Report Reveals Google Support of Backpage.com
Yesterday a coalition of consumer and anti-trafficking advocates released a report documenting that Google has financially backed the efforts of digital rights groups to defend Backpage.com—a website notorious for facilitating prostitution and sex trafficking—from numerous legal challenges. The report cited evidence that Google and the groups it financially supports have filed a series of amicus briefs on Backpage.com’s behalf, distorting Section 230 of the Communications Decency Act (CDA) to defend the company’s actions. The report further documents that Google has deployed a band of lobbyists to stymie efforts to amend the CDA. The National Center on Sexual Exploitation (NCOSE) applauds this report for revealing mainstream supporters of sex trafficking.
“There can be no doubt that Backpage’s entire business model is built on sexual exploitation, and that as such, Backpage’s CEO and founders represent America’s top pimps,” said Dawn Hawkins, Executive Director of the National Center on Sexual Exploitation. “What will come as a shock to many is that Google—a company with the motto ‘Don’t be evil’—has aggressively buttressed the legal defense of Backpage.com in an effort to protect its own corporate interests, according to the report.”
“In a series of court cases favoring Backpage.com, the courts have interpreted Section 230 of the CDA to give third-party hosting sites carte blanche immunity for everything and anything that occurs online. To help ensure Backpage’s legal defense was successful,” Hawkins added, “Google has financed powerful digital rights groups to bolster Backpage’s legal arguments, according to the report. The report also indicates that Google has taken its campaign to Capitol Hill where it has unleashed a cadre of lobbyists to oppose efforts to amend the CDA.”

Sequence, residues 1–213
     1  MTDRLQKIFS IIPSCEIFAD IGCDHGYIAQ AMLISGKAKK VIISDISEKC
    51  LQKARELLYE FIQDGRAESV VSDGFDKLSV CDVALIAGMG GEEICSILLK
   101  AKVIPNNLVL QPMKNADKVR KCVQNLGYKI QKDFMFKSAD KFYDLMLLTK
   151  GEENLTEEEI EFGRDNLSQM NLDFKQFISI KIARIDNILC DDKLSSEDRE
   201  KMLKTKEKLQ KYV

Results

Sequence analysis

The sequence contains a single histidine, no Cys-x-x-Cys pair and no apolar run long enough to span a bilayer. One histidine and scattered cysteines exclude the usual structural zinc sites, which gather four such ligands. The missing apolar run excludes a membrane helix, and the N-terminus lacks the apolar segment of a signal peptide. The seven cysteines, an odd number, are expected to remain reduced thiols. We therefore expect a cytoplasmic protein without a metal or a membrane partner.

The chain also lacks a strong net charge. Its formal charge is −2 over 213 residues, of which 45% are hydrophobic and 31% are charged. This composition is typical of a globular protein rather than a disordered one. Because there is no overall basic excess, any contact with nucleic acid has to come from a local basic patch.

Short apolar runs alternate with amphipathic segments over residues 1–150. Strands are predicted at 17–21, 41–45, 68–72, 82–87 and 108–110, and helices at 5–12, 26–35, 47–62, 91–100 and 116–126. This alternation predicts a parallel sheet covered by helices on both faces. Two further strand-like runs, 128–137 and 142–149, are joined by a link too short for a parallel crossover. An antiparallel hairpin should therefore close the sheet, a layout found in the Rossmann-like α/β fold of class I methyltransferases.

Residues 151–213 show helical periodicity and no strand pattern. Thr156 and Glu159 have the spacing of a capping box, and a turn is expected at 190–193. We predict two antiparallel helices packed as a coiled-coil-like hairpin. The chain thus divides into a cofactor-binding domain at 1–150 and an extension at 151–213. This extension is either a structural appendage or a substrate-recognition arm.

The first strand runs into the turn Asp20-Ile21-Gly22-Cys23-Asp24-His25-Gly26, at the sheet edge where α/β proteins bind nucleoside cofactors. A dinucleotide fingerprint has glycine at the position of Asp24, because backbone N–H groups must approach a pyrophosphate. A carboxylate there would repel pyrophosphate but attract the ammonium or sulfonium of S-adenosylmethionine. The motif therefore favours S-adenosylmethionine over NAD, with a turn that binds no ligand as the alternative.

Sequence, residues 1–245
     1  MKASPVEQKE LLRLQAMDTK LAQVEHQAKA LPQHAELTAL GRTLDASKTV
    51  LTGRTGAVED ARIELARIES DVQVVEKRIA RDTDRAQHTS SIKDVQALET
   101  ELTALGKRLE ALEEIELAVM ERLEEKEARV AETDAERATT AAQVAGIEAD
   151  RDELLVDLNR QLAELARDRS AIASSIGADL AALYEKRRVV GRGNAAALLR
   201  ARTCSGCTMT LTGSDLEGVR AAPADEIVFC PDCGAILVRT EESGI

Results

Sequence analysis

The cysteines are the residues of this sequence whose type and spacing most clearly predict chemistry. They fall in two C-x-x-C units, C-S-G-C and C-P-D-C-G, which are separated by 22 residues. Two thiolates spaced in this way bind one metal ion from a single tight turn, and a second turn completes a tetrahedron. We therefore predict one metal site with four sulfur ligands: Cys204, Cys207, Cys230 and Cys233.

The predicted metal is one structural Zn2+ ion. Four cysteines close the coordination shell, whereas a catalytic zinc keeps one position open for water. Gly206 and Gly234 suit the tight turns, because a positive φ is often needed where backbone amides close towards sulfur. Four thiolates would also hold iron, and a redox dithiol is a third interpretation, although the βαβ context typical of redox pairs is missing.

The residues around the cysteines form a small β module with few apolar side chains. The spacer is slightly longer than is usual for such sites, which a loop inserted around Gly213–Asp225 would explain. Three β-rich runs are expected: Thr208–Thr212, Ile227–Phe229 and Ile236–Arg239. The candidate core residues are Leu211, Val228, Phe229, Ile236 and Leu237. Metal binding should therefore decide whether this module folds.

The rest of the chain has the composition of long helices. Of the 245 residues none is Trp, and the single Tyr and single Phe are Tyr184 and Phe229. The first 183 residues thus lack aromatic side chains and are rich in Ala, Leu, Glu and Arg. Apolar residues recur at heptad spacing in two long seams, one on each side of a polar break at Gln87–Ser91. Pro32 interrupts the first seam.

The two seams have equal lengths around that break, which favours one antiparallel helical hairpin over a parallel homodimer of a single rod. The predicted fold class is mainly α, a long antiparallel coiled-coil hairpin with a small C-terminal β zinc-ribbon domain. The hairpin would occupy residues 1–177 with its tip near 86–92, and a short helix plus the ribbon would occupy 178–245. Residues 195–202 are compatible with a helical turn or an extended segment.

“While the law is important in protecting Internet companies from frivolous lawsuits for content posted by users of those websites, we believe that the Backpage.com case is fundamentally different as evidence suggests that the company proactively coaches sex traffickers about how to post ads for underage victims in order to avoid detection by legal authorities.”
“We believe that reasonable reforms to Section 230 are essential to ensure that companies like Backpage.com can no longer hide behind the safe harbor provisions of the law when they knowingly and with reckless disregard allow sex-trafficking ads to be posted on their site. We call on Google and all Internet companies to recognize that people are not objects to be sold online and to support reasonable reform of Section 230 of the CDA.”
Backpage.com is a member of the 2017 Dirty Dozen List due to its history of facilitating, and profiting from, sexual exploitation. Google’s Youtube is also a member of the 2017 Dirty Dozen list for its failure to address the volumes of sexually explicit videos available on its site.